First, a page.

When I became a newly college-enlightened daughter, I just had to tell Mom all the ways she was archaic in her thinking – those college professors knew so much more than parents, you know. Miraculously, she doesn’t hold that against me now. Mom was and is a patient, sympathetic ear. She has her limits though. She can be good at keeping you grounded with her favorite sayings, such as: “You can’t roller skate in a buffalo herd, but you can be happy if you’ve a mind to” -(a song by Roger Miller); “If wishes were horses, then beggars might ride”; and “Oh well, that’s enough of that.”
The latter of which she says so often that I have threatened to put this one on her tombstone.
Probably the most important role Mom had in my life was that she led me to Jesus. Mom took us kids to church when we were young, and we all got saved and baptized. Though we all strayed a bit later, she was steadfast in her faith. In the 1970s, Mom discovered a deeper relationship with God, and her new joy and enthusiasm for God (and her prayers) swept my brother and me up also. What an awesome, glorious way of living we have now with God because of Mom’s testimony and love for Jesus. Mom and I, along with her sisters, have had wonderful shared times going to Christian women’s retreats; great memories with Mom. Thank you Jesus . . . and thanks Mom.
Since Mom’s last stroke a while back, seems I’ve been on hold, waiting till God says the inevitable, “Okay, it’s time to come home.”
She’s become so fragile.
I’ve watched her body shrinking, hurting, and getting weaker so much that the lifelong homemaker finds cleaning house, cooking, and shopping have become monumental tasks. And maybe even more distressful, I sometimes hear her confusion, worry, and fear in place of who she really is with her determination, assurance, and joy in the Lord. Now, with another health set back, she is weaker than ever; she sleeps a lot and doesn’t talk much. This season of life feels like our long goodbye.
How am I going to get by when our twice-a-day phone calls are no more? Who is going to commiserate (and pray) with me about all of life’s problems? What will I do without her personalized scripture encouragement?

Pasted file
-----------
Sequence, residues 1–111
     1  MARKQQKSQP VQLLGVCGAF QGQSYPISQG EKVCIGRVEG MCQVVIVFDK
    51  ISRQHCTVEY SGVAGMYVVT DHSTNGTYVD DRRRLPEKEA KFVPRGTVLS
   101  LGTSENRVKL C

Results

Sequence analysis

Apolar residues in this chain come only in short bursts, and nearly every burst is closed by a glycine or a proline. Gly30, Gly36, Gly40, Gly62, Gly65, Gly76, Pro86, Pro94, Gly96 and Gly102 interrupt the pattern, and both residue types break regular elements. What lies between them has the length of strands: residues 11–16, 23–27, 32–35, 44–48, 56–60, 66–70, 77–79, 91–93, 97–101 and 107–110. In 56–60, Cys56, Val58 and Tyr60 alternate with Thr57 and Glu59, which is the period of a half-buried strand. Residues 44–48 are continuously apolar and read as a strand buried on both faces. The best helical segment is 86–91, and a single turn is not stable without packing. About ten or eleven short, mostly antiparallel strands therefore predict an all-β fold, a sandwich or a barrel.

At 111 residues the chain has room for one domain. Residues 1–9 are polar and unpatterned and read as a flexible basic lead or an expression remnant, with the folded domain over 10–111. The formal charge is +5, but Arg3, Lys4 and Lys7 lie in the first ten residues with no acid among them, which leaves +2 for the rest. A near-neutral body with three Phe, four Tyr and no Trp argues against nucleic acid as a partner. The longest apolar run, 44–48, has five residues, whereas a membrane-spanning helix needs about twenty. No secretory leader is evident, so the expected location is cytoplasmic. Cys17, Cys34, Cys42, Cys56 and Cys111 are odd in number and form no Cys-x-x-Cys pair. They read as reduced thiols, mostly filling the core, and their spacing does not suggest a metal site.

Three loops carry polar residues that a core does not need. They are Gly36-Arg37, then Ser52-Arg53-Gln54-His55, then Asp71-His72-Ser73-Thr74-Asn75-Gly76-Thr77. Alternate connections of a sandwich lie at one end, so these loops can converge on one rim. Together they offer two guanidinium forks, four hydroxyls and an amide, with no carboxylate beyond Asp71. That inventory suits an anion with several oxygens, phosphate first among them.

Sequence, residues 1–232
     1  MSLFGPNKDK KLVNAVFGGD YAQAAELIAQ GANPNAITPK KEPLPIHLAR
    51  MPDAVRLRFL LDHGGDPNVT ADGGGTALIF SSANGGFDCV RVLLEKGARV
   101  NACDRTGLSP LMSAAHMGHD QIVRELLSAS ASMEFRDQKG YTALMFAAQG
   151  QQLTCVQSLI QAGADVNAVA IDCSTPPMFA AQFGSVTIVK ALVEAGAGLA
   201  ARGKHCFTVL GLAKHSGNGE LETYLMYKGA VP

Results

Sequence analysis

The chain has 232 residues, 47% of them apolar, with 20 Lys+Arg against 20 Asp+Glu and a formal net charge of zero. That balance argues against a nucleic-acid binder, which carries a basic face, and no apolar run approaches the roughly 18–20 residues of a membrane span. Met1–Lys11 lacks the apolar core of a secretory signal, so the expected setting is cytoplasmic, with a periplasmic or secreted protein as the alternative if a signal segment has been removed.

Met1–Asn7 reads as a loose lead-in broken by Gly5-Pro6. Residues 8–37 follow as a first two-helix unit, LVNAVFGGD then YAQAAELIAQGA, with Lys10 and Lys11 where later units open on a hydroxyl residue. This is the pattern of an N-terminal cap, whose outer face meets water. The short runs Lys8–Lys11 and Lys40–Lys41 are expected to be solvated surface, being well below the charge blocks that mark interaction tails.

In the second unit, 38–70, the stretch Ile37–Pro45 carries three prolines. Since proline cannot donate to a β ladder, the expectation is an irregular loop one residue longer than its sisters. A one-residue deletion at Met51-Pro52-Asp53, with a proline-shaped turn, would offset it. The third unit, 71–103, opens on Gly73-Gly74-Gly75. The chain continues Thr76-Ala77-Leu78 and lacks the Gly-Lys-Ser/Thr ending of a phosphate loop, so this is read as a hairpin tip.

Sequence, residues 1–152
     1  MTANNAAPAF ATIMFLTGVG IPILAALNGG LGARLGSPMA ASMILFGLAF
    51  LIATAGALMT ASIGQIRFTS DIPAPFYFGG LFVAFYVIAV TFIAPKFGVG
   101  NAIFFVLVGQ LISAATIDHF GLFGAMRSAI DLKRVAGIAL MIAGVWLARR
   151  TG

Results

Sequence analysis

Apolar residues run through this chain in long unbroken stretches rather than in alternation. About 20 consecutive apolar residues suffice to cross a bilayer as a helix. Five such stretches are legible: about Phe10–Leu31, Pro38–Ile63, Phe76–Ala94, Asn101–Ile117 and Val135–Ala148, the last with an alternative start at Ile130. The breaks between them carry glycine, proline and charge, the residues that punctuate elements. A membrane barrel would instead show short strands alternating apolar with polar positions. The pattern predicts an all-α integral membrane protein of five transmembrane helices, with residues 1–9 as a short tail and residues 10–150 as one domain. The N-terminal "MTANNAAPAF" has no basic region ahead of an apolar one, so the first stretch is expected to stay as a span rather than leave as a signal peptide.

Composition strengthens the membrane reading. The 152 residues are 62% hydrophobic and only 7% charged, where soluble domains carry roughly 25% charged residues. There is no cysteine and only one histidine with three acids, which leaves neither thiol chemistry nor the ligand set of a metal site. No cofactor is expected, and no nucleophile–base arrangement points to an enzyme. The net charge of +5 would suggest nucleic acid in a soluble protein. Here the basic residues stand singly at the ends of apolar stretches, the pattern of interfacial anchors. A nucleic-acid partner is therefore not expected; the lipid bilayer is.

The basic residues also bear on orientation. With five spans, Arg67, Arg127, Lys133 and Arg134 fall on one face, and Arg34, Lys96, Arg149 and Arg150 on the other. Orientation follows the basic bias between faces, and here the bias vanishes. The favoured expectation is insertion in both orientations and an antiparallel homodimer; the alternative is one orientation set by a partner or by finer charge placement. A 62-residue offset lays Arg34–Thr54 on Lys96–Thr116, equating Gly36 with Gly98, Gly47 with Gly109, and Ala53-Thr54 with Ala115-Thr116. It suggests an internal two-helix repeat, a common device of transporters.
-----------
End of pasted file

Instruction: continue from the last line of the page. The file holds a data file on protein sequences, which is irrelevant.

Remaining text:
She’s my BFF, (best friend forever).
I will miss Momma . . . I do already.
I keep her voice messages stored on my answering machine for that day when I long to hear her just say my name, “Kathy, it’s just Mom.”
If I had my way, in my perfect world there would be no arthritis, no painful falls, no frustrating forgetfulness, or no dimming eyesight as we grow older. No declining – only peaceful, golden years.
In my perfect world, there would be no need of nursing homes – our elder loved ones would live out their last years happy at home surrounded by family and friends.
In my perfect world, we would celebrate the wisdom and rich memories that come from a well lived long life. We’d have time to listen. We’d have time to just be there.
In my perfect world, we’d always embrace the strength that comes with God’s promise to never leave us or forsake us -- we’d trust His goodness -- we’d rest in His faithfulness. I’d be brave and hopeful for my momma. I am sometimes- but not today -not right now.
These past months have felt like our long goodbye Momma, but when you do leave, I know it will feel like a far too short goodbye. I love you always Momma.
In God’s perfect world, where Momma is destined, she’ll be young again, and free from care, and home with her friend Jesus forever.
And someday, I’ll be with her again with no goodbyes.